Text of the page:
Creating Your Finance Team: The Players and Their Functions

Jan 4, 2023 Creating Your Finance Team podcast from ProCFO Partners

As a business executive, you understand the importance of having the right team in place for success. When it comes to your finance team, it’s critical to have the right players in the right roles. Think of your team as part of the systems that help your company run – without the right gears in your financial engine, you’re likely to sputter. This article will explore the different roles and responsibilities of a finance team, so you know what each player brings to the table and how to identify potential gaps and blind spots in your team.

The Different Financial Team Players and Their Roles

Tax Preparers:

Tax Preparers are responsible for preparing and filing tax returns. They research tax law, apply it to your specific situation, and provide advice on how to minimize your tax burden. Tax Preparers can also help with tax audits and appeals.


Bookkeepers are responsible for keeping the company’s financial records. They record transactions, post to ledgers and journals, and reconcile bank statements. Bookkeepers also create financial reports and track accounts payable and receivable. The bookkeeper is responsible for the day-to-day data entry transactions, posting of financial activity, categorizing expenses and revenue, sending out customer invoices, and processing payroll.

Sounds like a lot! And it can be. Yet in many small businesses, they may be the spouse, a cousin or a sibling. This can work out great, but recognize limitations. Your buddy may not be a tax expert, so don’t look for them to be. The business owner must create boundaries between the people entering data, analyzing data, and making decisions.


Accountants are responsible for analyzing financial data and preparing financial reports. They analyze financial statements, provide financial advice and guidance, and develop strategies for increasing profits and reducing costs.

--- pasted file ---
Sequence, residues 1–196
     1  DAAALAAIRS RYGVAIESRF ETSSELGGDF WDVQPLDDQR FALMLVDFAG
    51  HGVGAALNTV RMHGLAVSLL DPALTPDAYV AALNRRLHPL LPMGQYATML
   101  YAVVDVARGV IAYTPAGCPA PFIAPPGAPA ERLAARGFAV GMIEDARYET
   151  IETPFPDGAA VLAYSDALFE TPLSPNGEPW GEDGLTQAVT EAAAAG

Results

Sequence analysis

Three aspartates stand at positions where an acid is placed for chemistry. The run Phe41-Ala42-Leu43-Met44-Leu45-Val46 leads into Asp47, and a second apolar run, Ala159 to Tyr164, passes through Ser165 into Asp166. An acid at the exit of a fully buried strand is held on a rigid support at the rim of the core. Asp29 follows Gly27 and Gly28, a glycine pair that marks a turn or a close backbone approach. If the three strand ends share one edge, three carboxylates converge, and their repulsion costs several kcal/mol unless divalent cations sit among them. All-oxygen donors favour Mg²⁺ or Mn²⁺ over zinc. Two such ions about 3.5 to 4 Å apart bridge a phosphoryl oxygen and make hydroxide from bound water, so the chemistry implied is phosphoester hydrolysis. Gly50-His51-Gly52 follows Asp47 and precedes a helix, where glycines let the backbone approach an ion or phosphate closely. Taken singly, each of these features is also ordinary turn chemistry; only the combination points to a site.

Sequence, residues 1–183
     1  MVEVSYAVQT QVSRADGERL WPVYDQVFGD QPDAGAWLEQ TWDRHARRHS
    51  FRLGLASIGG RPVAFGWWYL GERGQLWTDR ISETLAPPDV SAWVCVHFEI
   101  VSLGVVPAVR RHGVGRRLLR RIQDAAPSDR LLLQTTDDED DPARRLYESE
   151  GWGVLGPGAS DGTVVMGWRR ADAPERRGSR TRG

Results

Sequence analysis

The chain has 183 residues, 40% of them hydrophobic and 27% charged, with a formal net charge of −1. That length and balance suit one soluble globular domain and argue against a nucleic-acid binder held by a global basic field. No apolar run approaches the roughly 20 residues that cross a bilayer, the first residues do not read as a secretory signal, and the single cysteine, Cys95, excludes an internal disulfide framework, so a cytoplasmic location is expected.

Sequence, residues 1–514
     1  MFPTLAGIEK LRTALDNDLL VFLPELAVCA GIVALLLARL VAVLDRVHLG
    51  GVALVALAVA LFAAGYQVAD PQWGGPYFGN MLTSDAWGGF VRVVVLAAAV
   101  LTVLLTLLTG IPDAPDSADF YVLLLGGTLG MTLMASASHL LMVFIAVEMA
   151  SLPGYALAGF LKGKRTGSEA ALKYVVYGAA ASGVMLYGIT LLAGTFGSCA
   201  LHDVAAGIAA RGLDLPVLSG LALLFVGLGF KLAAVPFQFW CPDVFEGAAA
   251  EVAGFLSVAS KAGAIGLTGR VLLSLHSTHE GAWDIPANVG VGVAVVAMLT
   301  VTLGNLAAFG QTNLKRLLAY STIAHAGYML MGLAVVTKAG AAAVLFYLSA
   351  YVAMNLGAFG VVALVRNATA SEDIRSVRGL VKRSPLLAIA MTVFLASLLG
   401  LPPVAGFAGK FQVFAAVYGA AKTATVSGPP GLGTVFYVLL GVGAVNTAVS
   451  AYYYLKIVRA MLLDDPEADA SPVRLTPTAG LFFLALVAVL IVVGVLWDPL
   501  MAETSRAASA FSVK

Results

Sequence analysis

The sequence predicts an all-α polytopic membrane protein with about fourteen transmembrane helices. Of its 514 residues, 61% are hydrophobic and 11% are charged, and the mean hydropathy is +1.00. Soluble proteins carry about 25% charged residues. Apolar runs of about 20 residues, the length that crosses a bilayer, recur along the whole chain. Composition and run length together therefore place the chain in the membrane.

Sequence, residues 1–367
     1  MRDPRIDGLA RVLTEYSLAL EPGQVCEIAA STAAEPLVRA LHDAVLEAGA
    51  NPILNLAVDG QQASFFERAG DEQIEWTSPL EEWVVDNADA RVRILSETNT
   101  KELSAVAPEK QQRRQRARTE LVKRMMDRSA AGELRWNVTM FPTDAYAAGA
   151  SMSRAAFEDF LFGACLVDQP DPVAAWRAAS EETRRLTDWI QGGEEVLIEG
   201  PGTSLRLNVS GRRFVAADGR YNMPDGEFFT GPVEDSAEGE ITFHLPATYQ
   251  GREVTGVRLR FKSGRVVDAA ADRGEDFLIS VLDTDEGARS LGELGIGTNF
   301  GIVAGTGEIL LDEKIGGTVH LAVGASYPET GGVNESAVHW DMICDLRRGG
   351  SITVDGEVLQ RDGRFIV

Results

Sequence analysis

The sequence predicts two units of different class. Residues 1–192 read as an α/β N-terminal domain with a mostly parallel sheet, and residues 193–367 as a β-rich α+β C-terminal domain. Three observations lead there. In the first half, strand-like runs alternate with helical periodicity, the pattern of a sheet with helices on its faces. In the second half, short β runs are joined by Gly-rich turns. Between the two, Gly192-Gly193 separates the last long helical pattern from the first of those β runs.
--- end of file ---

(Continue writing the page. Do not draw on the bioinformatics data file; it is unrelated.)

The roles of bookkeeper and accountant are often blurred, but the bookkeeper typically focuses on entering data based on documents received, while the accountant goes further by thinking about accruals and closing the books at the end of the month. The accountant also takes a step back to analyze the data and present it in a more meaningful way to decision makers or stakeholders.

Tax accountants can offer services beyond simply preparing paperwork for filing taxes, which is an important distinction from being a tax preparer. Depending on the complexity of the business decision, the tax accountant can provide advice on the implications of the decision and help to plan a tax strategy.


Controllers are responsible for managing the financial operations of the company. They develop and maintain internal financial controls and systems, and oversee the preparation of financial statements. They also analyze financial trends and provide recommendations for business decision making.

Chief Financial Officer (CFO):

A CFO is responsible for overseeing all aspects of the company’s financial operations. They develop and implement financial strategies, create and monitor budgets, and provide guidance on financial decisions. They can also serve as a liaison between the company and external stakeholders.

A CFO is a valuable asset for any business looking to make strategic decisions. The controller provides past information and the CFO steps in to look through a more strategic lense, for instance  at the terms of a loan and the implications of it. They can advise on what the short and long-term implications of that loan may be, and can provide advisory services for how that loan can help the business grow.

Assessing Your Team

Now that you understand the different roles and responsibilities of a finance team, you can assess your current team. Ask yourself: Do you have the right players in the right roles? Do you have any gaps or blind spots in your team?

The role of a CFO exists around strategy, information, and decisions that come with it. It is important to recognize when expertise and needs of the business escalate to a new or different level, and when it is necessary to bring in someone to help with emerging or more sophisticated needs. This is an advantage of the fractional CFO, who can provide expert insight and guidance on a limited engagement. Many – in fact perhaps most – companies don’t require the expense and overhead of a full-time CFO, they just need the strategic insights the CFO can provide at specific times or in certain situations.

If you don’t have the right players or you’re missing a role, you may need to add team members or revise the roles of existing members. Be mindful, however, to consider skillsets. Just because your bookkeeper has been a valuable teammate for fifteen years doesn’t mean they possess the experience or expertise to guide financial strategy. 


Having the right players on your finance team is essential for success. Evaluate your team to identify potential gaps and blind spots, and make sure everyone is in the right role. By understanding the different roles and responsibilities of a finance team, you’ll be able to create a high performance team that’s ready to tackle any financial challenge.

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